Tuesday, January 13, 2009

The "lipstick effect" of the recession

Given the current economic conditions, one would be tempted to assume that sales in all sectors will plummet over the current year. This is not the case, according to Dhaval Joshi, analyst with RAB Capital. A natural consequence of a recession is that people spend less on goods that can be considered "luxuries", focusing their constrained budget on more essential items. This does not mean that they forgo luxury however. In the UK recently car sales and mortgages have collapsed, as we can imagine have the sales of a whole host of goods. One product group whose sales historically flourish during a recession is cosmetics.
The idea goes as follows: even in a poor economic climate, people like to treat themselves. In order to keep a similar level of satisfaction while economizing more, they scale down their expectations of what characterises a "luxury good", with cosmetics appearing to be an adequate source of comfort. Joshi points to 1930's USA and Germany, Japan of the last 20 yeas, and the European recessions of the early 80s, 90s and 2000s as examples of instances where industrial production generally was falling, while the cosmetics sector not only survived but grew. For the first half of this year L'Oreal posted sales growth of 5.3% amid incessant reports of doom and gloom elsewhere.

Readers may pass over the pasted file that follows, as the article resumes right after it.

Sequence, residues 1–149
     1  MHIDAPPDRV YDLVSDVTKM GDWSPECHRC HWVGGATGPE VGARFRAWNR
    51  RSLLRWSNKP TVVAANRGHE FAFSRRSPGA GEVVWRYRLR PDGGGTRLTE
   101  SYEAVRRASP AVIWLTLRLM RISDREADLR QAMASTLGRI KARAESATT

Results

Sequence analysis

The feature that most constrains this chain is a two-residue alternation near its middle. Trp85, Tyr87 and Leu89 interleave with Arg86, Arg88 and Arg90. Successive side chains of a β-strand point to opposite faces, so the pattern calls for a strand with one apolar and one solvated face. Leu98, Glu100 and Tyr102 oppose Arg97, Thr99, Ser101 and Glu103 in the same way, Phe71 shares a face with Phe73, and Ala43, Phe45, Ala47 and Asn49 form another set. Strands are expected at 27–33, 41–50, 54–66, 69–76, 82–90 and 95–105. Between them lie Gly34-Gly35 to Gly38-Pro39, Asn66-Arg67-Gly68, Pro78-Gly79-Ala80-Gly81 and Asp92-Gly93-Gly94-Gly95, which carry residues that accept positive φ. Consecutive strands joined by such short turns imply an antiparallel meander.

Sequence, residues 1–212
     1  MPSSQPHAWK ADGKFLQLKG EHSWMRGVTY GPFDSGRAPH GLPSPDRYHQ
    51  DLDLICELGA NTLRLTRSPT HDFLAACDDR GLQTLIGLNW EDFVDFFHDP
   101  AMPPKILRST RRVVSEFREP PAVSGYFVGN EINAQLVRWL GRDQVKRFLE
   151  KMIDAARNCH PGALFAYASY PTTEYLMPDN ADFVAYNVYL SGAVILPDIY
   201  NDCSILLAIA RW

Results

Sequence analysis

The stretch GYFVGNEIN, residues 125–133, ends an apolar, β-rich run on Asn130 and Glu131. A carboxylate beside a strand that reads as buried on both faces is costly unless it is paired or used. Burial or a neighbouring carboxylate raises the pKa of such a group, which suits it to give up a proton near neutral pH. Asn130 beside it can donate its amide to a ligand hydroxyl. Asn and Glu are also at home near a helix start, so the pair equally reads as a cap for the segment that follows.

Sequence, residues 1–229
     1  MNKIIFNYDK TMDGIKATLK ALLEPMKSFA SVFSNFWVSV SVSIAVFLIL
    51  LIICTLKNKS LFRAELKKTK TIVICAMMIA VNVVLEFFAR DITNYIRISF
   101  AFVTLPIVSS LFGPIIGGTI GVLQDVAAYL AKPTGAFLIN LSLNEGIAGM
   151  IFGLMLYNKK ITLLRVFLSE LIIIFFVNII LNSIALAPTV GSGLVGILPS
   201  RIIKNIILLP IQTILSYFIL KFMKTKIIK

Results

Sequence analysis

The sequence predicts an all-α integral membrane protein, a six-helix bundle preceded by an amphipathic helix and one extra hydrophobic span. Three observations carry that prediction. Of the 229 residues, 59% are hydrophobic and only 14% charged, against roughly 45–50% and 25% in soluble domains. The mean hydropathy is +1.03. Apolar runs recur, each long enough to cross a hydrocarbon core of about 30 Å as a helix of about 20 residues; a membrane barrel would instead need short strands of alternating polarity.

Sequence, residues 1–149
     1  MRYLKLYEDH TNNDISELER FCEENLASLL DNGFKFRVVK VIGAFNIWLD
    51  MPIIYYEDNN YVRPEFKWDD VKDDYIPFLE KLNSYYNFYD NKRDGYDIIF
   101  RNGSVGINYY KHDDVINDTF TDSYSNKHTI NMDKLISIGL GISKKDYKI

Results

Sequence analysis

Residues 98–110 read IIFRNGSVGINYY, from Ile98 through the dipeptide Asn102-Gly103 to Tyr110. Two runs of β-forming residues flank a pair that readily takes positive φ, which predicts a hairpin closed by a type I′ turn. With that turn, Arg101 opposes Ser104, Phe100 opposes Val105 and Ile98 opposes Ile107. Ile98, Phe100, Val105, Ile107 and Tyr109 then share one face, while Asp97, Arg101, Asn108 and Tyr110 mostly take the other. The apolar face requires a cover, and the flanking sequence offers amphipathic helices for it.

So if you see less Fendi bags and Mini Coopers floating around in the new year, take a look around to see if this substitution is indeed occurring...


Martin Ryan said...

Interesting post Fergal. My friend from school who has set up a company selling womens' skincare products will be quite heartened by the research that you mention.

Its interesting to take note of what succeeds in the market place during periods of recession. I've mentioned before that McDonalds is doing quite well. I wonder what else is?

You'll have to keep an eye out on the Fendi bags for me - I wouldn't be able to spot one!


Anonymous said...

I've done a bit of personal research on this topic and it is very interesting! Historically, alcohol, pharmecuticals, and 'personal grooming products' (cosmetics!) flourish even when the rest of the economy is in recession. I'm pretty sure it has something to do with drowning your unhappiness in alcohol, drugs, and...cosmetics; all ways to 'mask' the unpleasantness of life in a recession. As a woman, I simply know that I have a high standard that I hold my cosmetics to, and the pricier cosmetics truly are worth every penny. So in short, I will give up certain things so that I may continue to buy my cosmetics...recession or not!

Kevin Denny said...

& because you're worth it